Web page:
How to install Windows on your Mac using Boot Camp

How to install Windows on your Mac

Boot Camp provides the best performance for Windows on your Mac. It takes a little work to install, so here's some help.

If you need to install Windows on your Mac, you have a few options: software like VMware Fusion and Parallels Desktop can help you get the job done so you don't have to reboot each time you want to use it, but if you want truly native performance — important for gamers and others looking to eke every last drop out of their Mac — Boot Camp is the way to go. Here's a step by step guide to make it happen.

What you'll need to install Windows on your Mac

To install Windows on your Mac via Boot Camp, you'll need:

  • A copy of Windows either on CD/DVD (if your Mac has a SuperDrive) or an ISO disc image.
  • The Boot Camp Assistant app, found in the Utilities folder of your Mac.
  • 8 GB USB storage device or external drive (thumbdrive, hard drive, etc) formatted as MS-DOS (FAT) to install Windows drivers. (You can use Disk Utility to format your thumbdrive accordingly.)
  • Enough space on your hard drive to get Windows to work and do what you want it to.

Will any version of Windows do? In short, no.

Boot Camp has very specific system requirements depending on which Mac model you're installing. Older Macs will only work with Boot Camp 4, newer ones work with Boot Camp 5.

That, in turn, determines which version of Windows can be installed on your Mac (Vista, Windows 7 or Windows 8, 32-bit or 64-bit). It's confusing, I realize. The best thing to do is to consult Apple's Boot Camp system requirements web page for details before you get started.

Bear in mind also that Boot Camp needs to work from your Mac's boot volume, so you'll need to decide how much space you really can afford to lose. The good news is that both OS X and Windows easily work with external hard drives, so you can always add more storage space later.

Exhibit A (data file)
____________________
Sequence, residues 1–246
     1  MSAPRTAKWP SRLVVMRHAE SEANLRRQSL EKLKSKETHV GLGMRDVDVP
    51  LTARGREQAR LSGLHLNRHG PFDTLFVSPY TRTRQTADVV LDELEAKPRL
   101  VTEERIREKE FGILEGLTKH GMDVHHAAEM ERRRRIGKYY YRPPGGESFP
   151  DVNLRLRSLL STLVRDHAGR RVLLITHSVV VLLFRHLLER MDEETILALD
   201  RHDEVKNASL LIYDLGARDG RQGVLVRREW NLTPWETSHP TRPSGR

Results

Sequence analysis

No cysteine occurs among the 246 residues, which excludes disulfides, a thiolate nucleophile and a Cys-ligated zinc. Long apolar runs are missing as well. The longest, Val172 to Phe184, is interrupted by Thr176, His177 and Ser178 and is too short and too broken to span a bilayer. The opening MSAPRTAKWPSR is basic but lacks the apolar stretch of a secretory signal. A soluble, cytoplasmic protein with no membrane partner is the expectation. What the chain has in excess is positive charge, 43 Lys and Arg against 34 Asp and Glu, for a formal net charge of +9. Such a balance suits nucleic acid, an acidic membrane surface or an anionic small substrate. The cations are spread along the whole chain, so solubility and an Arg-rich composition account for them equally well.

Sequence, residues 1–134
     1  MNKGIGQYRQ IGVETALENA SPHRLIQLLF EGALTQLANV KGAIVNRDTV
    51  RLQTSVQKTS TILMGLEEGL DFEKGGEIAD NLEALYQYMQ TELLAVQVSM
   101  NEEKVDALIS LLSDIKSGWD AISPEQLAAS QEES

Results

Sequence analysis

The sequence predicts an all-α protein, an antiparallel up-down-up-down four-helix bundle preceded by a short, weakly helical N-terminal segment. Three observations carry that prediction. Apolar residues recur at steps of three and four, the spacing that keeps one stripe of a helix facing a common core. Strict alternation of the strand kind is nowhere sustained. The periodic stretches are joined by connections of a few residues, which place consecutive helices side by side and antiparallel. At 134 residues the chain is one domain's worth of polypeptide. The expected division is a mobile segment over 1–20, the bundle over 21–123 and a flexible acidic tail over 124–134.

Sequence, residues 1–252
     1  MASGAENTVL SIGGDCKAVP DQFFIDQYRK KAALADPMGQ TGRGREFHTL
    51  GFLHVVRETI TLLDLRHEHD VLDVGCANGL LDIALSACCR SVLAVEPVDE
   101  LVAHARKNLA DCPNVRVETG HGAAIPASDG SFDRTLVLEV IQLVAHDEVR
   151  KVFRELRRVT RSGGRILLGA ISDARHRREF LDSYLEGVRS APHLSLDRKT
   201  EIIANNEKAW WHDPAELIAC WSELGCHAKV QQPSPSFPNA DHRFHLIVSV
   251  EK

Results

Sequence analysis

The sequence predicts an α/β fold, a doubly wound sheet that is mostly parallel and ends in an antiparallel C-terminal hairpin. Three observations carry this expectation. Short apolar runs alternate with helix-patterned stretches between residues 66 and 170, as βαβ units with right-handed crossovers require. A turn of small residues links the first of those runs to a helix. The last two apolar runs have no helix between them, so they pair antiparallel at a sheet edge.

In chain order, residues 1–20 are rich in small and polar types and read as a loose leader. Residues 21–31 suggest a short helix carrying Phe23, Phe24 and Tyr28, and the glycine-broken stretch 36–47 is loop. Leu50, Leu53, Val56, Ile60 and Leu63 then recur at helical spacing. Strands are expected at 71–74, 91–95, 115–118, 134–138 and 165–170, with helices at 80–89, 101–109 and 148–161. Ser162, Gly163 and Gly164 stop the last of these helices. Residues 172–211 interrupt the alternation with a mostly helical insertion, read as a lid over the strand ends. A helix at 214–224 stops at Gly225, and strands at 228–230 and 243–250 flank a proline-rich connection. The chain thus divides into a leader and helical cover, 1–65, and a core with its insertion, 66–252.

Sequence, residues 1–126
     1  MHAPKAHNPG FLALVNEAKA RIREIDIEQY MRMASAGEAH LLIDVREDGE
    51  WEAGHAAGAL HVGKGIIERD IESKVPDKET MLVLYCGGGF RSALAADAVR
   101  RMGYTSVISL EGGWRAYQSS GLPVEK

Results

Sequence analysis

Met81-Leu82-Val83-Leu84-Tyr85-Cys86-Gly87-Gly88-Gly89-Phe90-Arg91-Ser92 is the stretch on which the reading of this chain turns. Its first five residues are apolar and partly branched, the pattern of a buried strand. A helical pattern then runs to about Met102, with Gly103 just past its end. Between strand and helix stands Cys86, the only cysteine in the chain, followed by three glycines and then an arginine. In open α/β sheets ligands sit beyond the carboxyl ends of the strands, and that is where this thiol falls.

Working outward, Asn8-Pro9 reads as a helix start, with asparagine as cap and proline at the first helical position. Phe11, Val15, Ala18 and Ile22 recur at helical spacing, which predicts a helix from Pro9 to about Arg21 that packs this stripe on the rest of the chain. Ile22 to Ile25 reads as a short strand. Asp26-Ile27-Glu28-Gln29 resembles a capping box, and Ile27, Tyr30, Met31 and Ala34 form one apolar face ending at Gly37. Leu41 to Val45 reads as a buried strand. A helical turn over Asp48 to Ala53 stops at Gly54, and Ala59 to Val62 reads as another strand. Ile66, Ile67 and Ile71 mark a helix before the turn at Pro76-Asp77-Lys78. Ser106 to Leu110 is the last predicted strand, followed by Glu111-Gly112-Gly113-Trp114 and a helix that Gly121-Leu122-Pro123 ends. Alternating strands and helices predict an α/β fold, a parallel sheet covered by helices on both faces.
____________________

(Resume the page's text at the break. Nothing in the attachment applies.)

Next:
If you don't want to be saddled with all this hassle, Parallels Desktop and VMware Fusion for the most part just work. They just don't work quite as fast as running Windows natively.

Please backup your hard drive before continuing.

How to install Windows using Boot Camp

  1. Quit all open applications.
  2. Connect your MS-DOS (FAT) formatted USB thumbstick or drive.
  3. Insert or mount your copy of Windows.
  4. Open the Utilities folder.
  5. Double-click on Boot Camp Assistant.
  6. Click Continue.
  7. It's usually safest just to leave all options on. Click Continue.
  8. Boot Camp Assistant will try to connect to Apple's servers to download the latest Windows drivers onto your USB thumbstick. If it runs into problems, you can manually download the drivers yourself from this web page.
  9. Boot Camp Assistant will repartition your hard disk with a Boot Camp partition (this will not delete the existing data on your drive). Specify how much space you'd like to use for the update.
  10. Once the partition is configured, your Mac will reboot to continue the Windows installation process. Follow the prompts. You will need to do a new Windows installation, and you will likely have to reformat your new Boot Camp partition to get Windows to install. Make sure you've selected your Boot Camp partition, not your OS X partition.
  11. Once the installation is done and Windows is operating, run the setup app on your USB thumbdrive. This will install other drivers Windows needs to run optimally on the Mac, including graphics and sound drivers, networking and Bluetooth drivers, and more.
  12. Enjoy!

Your Mac should continue to boot by default into the Mac partition. If you'd like to change this, you can select the Windows partition using the Startup Disk system preference. The next time you reboot you'll be running Windows.

Any time you want to switch back, simply reboot the Mac with the option key held down. The Mac will show you your OS X and Windows-formatted partitions. Select the one you want and hit the return key.

There you have it. You can get up and running with Windows on your Mac as long as you do some prep work; an ounce of prevention is worth a pound of cure. And make sure once you're running Windows to install anti-malware software right away. I've had good luck with Microsoft's Security Essentials software, which is free.

Have you installed Windows on your Mac? Are you going to? What sort of issues did you run into? Let me know.

Peter Cohen

Managing Editor of iMore, Mac and gaming specialist and all-around technologist. Follow him on Twitter @flargh

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There are 14 comments. Add yours.